Dear Senator Cahill,
I am generally a stoic and self-reliant individual, but tonight I read a recent news article that so unnerved me I feel compelled to share it. First, though, I think you deserve some background on who I am, and why I care about SB 1214.
I am a Ph.D student in engineering at ASU, a proud gay rights supporter, registered Democrat, and recreational target shooter. Every third Saturday I join the Phoenix chapter of the Pink Pistols, an organization which promotes responsible firearm ownership among sexual minorities for the purpose of self-defense, for an hour of relaxed target shooting and coffee. It was through them that I learned of SB 1214 and the security it may provide college students like myself.
I support the policy of allowing licensed concealed carry permit holders to carry their firearms concealed while on a school's campus. For the purposes of this bill, I believe a school includes K-12 education as well as university and community college campuses, though amendments may have limited that to just higher education at this point.
I must also admit that I am not particularly thrilled about the general idea of students carrying weapons. However, this initial aversion was substantially quelled when I recognized that most students are under 21 years of age and thus do not qualify for the carry permit (in fact, only 10% of Arizona permit holders are under 30**). Furthermore, obtaining such a permit requires safety training, fingerprinting, and extensive background checks that few individuals interested in aggression would want to undergo. As a student, I would feel much more comfortable if my professors and university faculty were allowed to exercise their right to carry concealed. In Utah concealed carry on college campuses is allowed, and I believe that a similar treatment in Arizona could provide a significant deterrent to school shootings.
Even if I am wrong on that last point, and the incomprehensible motives that fuel these tragedies remained unaffected, it would not be possible for a rampage, like that which persisted at Virginia Tech and resulted in the deaths of 32 people, to be repeated in the presence of a responsible citizen with their own firearm.
I realize that we have a campus and city police force. They are presumably well-trained, in addition to being, in my personal experience, extremely polite and courteous to innocent inquiries. This is a clear and obvious objection to the points which I have raised. However, the tragic events at Virginia Tech and NIU have given me reason to believe that, despite the real safety that our security services provide, in moments of sudden violence victims must often find themselves shockingly alone. Only a few hours ago, I received yet another reminder. I forward you this story, in which a woman was murdered this morning in her home, while on the phone with the local 911 dispatcher.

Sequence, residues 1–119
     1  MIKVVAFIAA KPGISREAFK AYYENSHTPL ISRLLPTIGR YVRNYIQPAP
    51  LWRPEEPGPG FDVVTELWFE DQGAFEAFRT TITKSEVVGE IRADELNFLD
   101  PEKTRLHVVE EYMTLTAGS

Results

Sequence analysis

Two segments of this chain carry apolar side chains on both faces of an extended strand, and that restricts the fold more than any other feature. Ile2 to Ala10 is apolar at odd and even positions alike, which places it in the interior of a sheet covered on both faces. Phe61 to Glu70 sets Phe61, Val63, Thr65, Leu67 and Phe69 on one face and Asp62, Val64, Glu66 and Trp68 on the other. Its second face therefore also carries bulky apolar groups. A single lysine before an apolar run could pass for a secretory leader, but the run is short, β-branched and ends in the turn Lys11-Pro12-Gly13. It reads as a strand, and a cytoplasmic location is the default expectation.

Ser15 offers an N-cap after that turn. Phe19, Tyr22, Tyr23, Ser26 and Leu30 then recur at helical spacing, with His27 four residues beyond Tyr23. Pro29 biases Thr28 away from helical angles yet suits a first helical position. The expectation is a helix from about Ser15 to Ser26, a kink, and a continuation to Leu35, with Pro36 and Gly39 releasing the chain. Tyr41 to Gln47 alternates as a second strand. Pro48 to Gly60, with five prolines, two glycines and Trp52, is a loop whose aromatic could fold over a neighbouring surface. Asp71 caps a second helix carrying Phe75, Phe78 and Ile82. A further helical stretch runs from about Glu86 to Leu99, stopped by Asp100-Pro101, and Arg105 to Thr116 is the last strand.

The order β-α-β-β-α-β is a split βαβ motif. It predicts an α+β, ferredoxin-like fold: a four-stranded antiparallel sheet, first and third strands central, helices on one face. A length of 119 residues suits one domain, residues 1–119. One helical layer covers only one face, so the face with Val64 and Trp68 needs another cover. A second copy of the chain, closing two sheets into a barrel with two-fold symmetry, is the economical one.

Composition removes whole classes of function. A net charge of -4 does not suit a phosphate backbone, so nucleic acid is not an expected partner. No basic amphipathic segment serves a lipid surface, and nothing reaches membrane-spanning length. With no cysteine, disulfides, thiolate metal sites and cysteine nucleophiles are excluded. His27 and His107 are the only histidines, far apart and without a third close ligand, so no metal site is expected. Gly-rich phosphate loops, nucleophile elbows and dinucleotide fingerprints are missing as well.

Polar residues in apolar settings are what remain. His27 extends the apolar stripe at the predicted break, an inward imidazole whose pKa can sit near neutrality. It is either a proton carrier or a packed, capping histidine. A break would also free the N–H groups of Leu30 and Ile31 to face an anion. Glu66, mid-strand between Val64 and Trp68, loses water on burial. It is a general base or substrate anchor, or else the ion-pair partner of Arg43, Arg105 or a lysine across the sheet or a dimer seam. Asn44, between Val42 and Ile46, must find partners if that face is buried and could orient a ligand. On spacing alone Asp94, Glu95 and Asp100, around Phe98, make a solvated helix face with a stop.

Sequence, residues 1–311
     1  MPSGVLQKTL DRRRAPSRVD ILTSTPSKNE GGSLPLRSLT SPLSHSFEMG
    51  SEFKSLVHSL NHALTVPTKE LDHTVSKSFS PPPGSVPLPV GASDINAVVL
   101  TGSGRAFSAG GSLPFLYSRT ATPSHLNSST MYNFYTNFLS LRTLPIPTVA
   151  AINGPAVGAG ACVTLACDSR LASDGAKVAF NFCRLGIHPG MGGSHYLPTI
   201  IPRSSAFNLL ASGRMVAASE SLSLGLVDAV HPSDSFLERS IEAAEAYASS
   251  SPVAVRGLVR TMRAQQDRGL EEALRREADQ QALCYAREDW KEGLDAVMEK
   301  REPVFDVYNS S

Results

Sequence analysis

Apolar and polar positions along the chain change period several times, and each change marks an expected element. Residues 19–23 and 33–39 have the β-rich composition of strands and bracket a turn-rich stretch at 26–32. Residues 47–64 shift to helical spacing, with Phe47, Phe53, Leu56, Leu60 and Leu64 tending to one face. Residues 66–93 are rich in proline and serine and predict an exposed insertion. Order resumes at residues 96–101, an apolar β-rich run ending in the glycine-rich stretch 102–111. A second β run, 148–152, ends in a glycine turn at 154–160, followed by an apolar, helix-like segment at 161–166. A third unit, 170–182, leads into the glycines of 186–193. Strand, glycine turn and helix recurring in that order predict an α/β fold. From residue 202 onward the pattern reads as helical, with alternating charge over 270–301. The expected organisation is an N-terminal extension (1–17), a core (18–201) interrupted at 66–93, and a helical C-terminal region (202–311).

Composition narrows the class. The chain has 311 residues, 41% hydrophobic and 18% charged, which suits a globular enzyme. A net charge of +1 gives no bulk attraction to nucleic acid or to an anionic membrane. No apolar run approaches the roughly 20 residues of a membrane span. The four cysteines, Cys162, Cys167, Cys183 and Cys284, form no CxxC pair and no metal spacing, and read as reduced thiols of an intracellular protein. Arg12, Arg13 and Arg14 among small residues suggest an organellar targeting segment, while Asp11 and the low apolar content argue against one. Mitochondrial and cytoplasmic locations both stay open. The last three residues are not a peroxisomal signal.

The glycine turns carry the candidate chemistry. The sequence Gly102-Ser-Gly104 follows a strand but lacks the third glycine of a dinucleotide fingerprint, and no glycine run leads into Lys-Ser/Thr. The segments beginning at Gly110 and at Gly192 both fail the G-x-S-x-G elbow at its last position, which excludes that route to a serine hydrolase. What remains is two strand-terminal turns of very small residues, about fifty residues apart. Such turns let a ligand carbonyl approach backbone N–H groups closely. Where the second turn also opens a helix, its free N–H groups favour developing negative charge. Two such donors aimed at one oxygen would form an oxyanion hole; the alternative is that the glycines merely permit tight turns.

I hope you also recognize the need for self-reliant self-defense, and that our campuses are currently unprotected by that standard. Thank you for taking the time to read my concerns.
Graduate Research Assistant
Arizona State University
---- Reproduced below is a copy of the CNN article from this afternoon. ----
Gunshots bring abrupt end to frantic 911 callWEST COVINA, California (AP)
A woman was asking a 911 dispatcher for help when her pleas were interrupted by gunshots, then silence.
She was shot to death.
The woman told the dispatcher someone was trying to break into her home in upscale West Covina, Los Angeles County sheriff's Lt. Dan Rosenberg said.
"Deputies heard gunshots followed by silence and an open phone line," he said.
Deputies arrived at the house, 20 miles east of Los Angeles, a few minutes after Wednesday's late morning call.
The woman, whose name was not released by police, had been shot several times. Paramedics pronounced her dead at the scene.
"At this point we believe it was a burglary gone awry
," Rosenberg said.
Investigators are trying to determine if anything was taken, Deputy Luis Castro said.
While police were investigating the shooting, a man arrived at the home asking about his wife.
When he heard that the woman had been shot and killed, he collapsed and started to cry, saying "No! She just called me. You lie." The man was placed in a patrol car and taken to a sheriff's station, police said.
Witnesses said they saw one or more men running from the house, Rosenberg said. Investigators used bloodhounds to conduct yard-to-yard searches.
No arrests had been made by Thursday morning, deputies said.
As a precaution during the search, a high school and an elementary school were locked down for about two hours, police Lt. Dan Brooks said.